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Riding the rollercoaster of Golden State’s Game 6 thrilling win over Houston

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After the Warriors gives #DubNation a collective aneurysm with a stinker of an opening quarter, Klay Thompson puts up another classic Game 6 performance and Golden State forces a Game 7.

Houston Rockets v Golden State Warriors - Game Six
The Splash Brothers drench Houston to force a Game 7.
Photo by Ezra Shaw/Getty Images

Was it ever in doubt? Well, yes actually.

First quarter: What the actual f&%k is going on?!’

We all knew that the Houston Rockets game plan without Chris Paul was to chuck up a ton of three pointers and hope enough went in to bury these Golden State Warriors.

And when I say “we all knew,” I mean everyone watching — the Warriors sure as hell didn’t start the game like they knew that was coming.

The Rockets absolutely blitzed them from three to open the game, going 8-for-12 largely because so many of those looks were as wide open as Grand Canyon.

Most of my game notes from the first quarter are frankly unprintable. But suffice to say that the general gist was shock, amazement, and — yes — some anger, that the Warriors could come out in an elimination game and just let the other team do whatever the hell they wanted. It was as if they expected to beat the Rockets just because they showed up to the arena, not because they actually had to do anything.

The only positive was some nice, energetic minutes from Jordan Bell, who was then pictured on the bench with Warriors physio Chelsea Lane checking his knee.

This monstrosity of a quarter was capped off by Nick Young fouling James Harden on a three-point shot with about one second left on the shot clock to give him three free throws and the Rockets a 39-22 lead.

If Steve Kerr wasn’t going to break a clip board in that moment, I was ready to leave my apartment in the middle of the massive thunderstorm raging over London, wander ‘round looking for a shop that sold clipboards and was open at 2.30am, buy a particularly smashable one, and break it my goddamn self.

This was definitely the worst ‘greatest team ever’ I had ever seen.

Second quarter: ‘OK, breathe’

They weren’t really going to go out like that, were they?

No, they weren’t. Behind the unprintable game notes, desire to go super-saiyan Steve Kerr on a defenseless clipboard, and general astonishment at the Warriors lackadaisical start, something interesting was happening.

This game was being played at a different pace. It was definitely not the slugfest of much of the rest of the series. There was more ball movement, more transition opportunities, and even some more open three point looks.

The first possession of the quarter Klay Thompson did something that would become a theme of the evening, and nailed a three. A few possessions later he got himself a nice easy layup in transition.

Steph Curry was coming alive too, with a nice move on Trevor Ariza to get to the rim.

Now if only they could just be a little more patient, clean up some of the rushed shots and poor execution that was still plaguing them, and lock in defensively they might be able to mount a comeback.

Still, with eight minutes to go in the second quarter, Houston had 43 points, which is a lot. As it happened, that turned out to exactly half what they ended up with.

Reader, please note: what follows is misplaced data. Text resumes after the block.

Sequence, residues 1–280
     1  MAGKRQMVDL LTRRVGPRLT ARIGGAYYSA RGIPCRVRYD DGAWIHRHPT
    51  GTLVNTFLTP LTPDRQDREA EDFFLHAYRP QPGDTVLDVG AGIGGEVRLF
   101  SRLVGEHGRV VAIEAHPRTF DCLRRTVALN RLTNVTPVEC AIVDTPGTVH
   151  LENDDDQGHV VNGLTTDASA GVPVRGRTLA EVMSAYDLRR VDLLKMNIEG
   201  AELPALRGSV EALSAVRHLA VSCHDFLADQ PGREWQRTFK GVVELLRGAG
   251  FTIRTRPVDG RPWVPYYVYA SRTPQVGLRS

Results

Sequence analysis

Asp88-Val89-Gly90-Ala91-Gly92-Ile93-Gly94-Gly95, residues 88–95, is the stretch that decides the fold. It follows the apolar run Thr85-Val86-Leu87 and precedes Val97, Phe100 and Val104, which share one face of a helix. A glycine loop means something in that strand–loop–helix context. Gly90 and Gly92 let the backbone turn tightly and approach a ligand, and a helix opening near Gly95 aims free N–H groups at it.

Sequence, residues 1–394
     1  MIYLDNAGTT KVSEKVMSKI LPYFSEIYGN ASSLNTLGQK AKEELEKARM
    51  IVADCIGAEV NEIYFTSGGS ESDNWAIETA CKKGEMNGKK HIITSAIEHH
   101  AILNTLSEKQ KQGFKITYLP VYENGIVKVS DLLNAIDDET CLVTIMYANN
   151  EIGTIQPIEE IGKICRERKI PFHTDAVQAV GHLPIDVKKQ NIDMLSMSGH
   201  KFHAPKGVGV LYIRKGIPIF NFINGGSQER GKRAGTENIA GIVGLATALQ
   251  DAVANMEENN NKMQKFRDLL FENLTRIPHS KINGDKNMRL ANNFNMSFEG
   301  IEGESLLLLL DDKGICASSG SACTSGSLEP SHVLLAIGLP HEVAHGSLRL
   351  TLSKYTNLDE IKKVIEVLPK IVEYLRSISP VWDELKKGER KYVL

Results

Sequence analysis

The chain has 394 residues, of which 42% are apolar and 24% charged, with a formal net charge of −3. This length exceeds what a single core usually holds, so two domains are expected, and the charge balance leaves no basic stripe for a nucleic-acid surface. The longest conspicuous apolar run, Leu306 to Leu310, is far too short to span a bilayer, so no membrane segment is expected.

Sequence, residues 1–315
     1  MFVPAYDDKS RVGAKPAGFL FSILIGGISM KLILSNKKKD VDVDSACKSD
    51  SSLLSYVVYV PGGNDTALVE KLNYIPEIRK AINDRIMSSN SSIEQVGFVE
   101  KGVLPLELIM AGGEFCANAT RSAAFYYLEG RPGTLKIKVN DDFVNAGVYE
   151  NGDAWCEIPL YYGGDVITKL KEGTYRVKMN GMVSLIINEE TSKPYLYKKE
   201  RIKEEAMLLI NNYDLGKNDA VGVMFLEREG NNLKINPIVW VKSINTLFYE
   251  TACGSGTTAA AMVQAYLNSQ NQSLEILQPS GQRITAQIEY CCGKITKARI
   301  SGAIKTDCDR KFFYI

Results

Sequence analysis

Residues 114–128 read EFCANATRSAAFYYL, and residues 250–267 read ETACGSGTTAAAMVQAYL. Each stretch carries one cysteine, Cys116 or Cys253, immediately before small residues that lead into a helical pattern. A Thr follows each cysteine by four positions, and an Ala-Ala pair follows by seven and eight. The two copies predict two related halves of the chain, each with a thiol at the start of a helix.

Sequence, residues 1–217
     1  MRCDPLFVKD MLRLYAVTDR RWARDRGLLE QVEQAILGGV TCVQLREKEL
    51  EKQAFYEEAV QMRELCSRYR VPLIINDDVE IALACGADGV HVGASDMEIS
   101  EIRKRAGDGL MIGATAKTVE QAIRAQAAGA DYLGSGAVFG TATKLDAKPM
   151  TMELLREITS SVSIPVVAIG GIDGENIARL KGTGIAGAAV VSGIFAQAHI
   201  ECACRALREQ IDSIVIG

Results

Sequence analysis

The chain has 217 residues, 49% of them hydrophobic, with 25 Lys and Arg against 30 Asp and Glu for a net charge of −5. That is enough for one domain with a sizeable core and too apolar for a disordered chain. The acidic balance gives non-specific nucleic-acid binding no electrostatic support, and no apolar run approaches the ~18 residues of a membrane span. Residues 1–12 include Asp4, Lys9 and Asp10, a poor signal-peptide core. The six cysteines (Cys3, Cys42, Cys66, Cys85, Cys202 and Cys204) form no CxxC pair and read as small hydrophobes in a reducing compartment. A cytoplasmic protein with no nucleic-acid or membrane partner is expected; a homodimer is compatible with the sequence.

Kevin Durant, who has spent the last few games playing a little too much like the Oklahoma City Thunder version of himself, began to play like the Warriors version he came here to be. In this possession he turned playmaker, running the pick and pop with Thompson—a set the Warriors have used with some success in the later stages of this series—with aplomb.

Durant followed that up by knocking down a three pointer of his own.

Then, as Bell guided Harden to him, Durant blocked the shot and took it in for a coast to coast layup.

And then (oh my god is this a mirage?!), he crossed up Harden, got to his spot and instead of taking a mid-range jumper PASSED THE DAMN BALL!! The result, a wide open Kevon Looney, who finished the play, and a nice endorphin boosting assist for KD.

A Curry layup cut the lead to six and, after a particularly egregious Harden three point flop took him to the line, Thompson nailed a jumper to keep the Warriors within striking distance.

A couple of threes from a red hot Eric Gordon and PJ Tucker off a Harden drive pushed the lead back to 12, until Bell, who was doing a really nice job keeping the ball moving and hustling around, found a cutting Curry for a nice finish in traffic.

There the Rockets lead remained at 10 until the halftime buzzer sounded.

The Warriors weren’t in great shape, but at least the contours of a comeback were being sketched out.

Third quarter: The Warriors rediscover their identity

We all know the stats. The Warriors love themselves a nice big third quarter.

And this run came early. Just 95 seconds in and the Warriors were down only two points.

It began with the first of Klay Thompson’s many second half threes. On the other end, the Warriors discovered that you can actually bring the opposing team’s three-point percentage down by actually, you know, contesting some shots.

Durant suddenly remembered he was being guarded by Harden, and blew by him for the easiest dunk he’s had in a playoff game since he saw the Cavaliers’ matador NBA Finals defense last year.

This was followed up with another Thompson three, from the corner.

And then, in an even more ominous sign for the Rockets, Curry demonstrated just how he likes to barbecue his big men. With Clint Capela switched onto him, he threw a crossover and then dished it to Looney. Like most big men Capela thought ‘job well done.’